I woke up early and got moving; it was July Fourth, and I was on a mission from God to make a good dent in my much-delayed spring cleaning, compliments of my April hysterectomy surgery. It was also a way of dealing with grief over the loss of our dog, Cooper, less than a week before. I’ve repeated this same ritual, obsessively cleaning the house from stem to stern, after the loss of every person and animal that I have loved, as if somehow by cleaning I will wash away the pain from my heart. I am ever the optimist if nothing else.
I picked up my phone and checked messages, smiling when Facebook notified me of a memory from ‘three years ago today’, just weeks before Mom would be gone…
Cooper loved her ‘Grandma’ like no one else, and they had such a special bond (Mom called her the ‘Granddog’). This particular visit was spontaneous; I had taken Mom to the doctor and she was feeling sad and down. I drove her into Dan’s garage (closest to the house) and brought the dogs out to cheer her up. This photo felt like a little hello from Heaven, a, ‘We are still here’ from Mom and Coops. Thinking of them being together and sending me signs is such a comfort.
I kicked off the morning by taking Sophie for an over three mile walk exploring a different part of the neighborhood than we usually see. I am doing my best to keep her busy- which is in turn keeping me busy, too. She is a great fitness buddy, eager to walk as long and as far as I will take her, always so happy and full of joy from the moment the harness and leash are taken down from their hook in the dog room. It was fun and interesting to revisit the route I used to walk my Doberman, Bailey, many years ago, seeing how things had changed- and how things have stayed the same in our old Southside neighborhood. Taking this new route is helping to rewire some things in my head after years and years of walking Coops and Sophie a different way, which is a healthy thing…change is good, something the universe seems hell-bent on teaching me this summer.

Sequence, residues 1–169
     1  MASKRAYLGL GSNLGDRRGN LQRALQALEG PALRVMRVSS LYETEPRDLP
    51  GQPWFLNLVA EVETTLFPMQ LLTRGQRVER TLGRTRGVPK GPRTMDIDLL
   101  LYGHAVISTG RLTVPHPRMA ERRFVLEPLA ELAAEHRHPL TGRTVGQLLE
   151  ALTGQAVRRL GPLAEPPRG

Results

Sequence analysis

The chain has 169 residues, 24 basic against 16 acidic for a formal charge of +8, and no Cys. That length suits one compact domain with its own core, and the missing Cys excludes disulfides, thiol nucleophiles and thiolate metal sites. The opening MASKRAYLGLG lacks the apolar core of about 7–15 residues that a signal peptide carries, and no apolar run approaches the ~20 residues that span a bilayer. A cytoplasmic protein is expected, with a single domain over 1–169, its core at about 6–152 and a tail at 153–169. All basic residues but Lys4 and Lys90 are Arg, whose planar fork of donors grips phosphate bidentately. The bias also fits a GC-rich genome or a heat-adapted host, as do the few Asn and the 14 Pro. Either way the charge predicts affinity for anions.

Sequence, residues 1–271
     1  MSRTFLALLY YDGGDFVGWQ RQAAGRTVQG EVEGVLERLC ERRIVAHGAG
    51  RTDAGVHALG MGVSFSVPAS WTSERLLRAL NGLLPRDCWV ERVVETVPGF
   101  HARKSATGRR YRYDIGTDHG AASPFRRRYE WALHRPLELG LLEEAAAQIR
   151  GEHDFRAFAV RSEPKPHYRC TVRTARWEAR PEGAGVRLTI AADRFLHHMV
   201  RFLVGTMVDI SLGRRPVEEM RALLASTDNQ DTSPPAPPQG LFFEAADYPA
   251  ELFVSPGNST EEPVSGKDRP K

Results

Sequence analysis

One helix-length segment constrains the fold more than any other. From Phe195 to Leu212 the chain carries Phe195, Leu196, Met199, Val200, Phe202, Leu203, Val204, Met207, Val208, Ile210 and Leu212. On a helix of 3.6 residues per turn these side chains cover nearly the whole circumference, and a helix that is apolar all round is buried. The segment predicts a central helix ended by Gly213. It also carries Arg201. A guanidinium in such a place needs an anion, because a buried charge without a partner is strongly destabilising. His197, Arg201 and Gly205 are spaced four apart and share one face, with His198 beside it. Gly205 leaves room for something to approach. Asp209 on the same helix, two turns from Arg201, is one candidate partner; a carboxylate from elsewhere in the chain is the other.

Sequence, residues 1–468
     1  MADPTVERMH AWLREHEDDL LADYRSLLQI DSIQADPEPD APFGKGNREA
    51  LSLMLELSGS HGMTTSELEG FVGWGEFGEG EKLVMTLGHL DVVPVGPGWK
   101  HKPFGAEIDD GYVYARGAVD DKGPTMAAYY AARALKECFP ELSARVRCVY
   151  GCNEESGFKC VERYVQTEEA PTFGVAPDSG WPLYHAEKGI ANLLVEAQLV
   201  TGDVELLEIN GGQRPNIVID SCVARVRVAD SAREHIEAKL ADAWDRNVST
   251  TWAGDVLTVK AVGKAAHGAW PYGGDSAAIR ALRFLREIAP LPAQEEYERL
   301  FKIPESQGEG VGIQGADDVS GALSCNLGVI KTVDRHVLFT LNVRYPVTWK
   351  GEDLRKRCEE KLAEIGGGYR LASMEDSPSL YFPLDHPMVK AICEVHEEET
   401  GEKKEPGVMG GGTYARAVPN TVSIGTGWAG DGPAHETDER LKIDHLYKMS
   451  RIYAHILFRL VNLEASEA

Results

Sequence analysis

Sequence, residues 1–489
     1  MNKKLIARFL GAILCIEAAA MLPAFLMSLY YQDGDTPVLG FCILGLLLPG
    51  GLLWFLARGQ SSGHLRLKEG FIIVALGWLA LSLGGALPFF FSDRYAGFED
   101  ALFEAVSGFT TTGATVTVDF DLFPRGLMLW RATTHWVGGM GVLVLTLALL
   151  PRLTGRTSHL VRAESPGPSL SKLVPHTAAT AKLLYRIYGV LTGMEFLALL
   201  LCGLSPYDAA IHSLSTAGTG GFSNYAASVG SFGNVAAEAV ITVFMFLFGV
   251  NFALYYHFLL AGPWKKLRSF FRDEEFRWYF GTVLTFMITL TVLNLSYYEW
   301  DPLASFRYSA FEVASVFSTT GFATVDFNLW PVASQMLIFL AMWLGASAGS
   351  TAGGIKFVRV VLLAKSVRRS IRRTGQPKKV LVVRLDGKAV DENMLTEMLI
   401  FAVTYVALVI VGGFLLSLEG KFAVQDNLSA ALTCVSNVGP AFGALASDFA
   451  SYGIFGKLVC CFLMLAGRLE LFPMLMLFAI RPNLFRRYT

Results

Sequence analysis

I have always been our Border Collie mix Sophie’s work, but now she seems focused on me like a laser beam, somehow knowing that I need her now more than ever before. Cooper’s untimely death has really taken the wind out of my sails, for sure. How grateful I am for Sophie’s sweet and gentle presence.
After the walk, I began scrubbing the kitchen and laundry/dog room floors on my hands and knees, going old school on our ninety-seven year old home. When I moved the dog crate and began cleaning up the dog hair that had been hidden underneath, a wave of grief washed over me and the tears flowed at this tangible reminder of what we have lost. Coops had such personality, and things just seem so different without her here. She was the leader of the troops, with Sophie always lagging obediently behind. Coops told me when they wanted to go out with a ‘bap’ on my knee with her paw, followed by a comical shift of her eyes toward the door. She was the protector, only barking when there was truly something to bark about, always making me feel safe. She was a bull in a china shop, seemingly the Cujo of the neighborhood, but would gently take a treat or one of her favorite ice cubes from our hands like she was protecting the finest and most fragile of treasures. She had the largest understanding of vocabulary of any dog I’ve ever known- unlike sweet Sophie, who we say is a few French fries short of a Happy Meal. I always said Cooper’s eyes were like horses’ eyes- wise and knowing, an old soul. I cleaned and cleaned, trying not to feel like I was erasing traces of Cooper from our lives, but rather, starting a new chapter to honor her memory.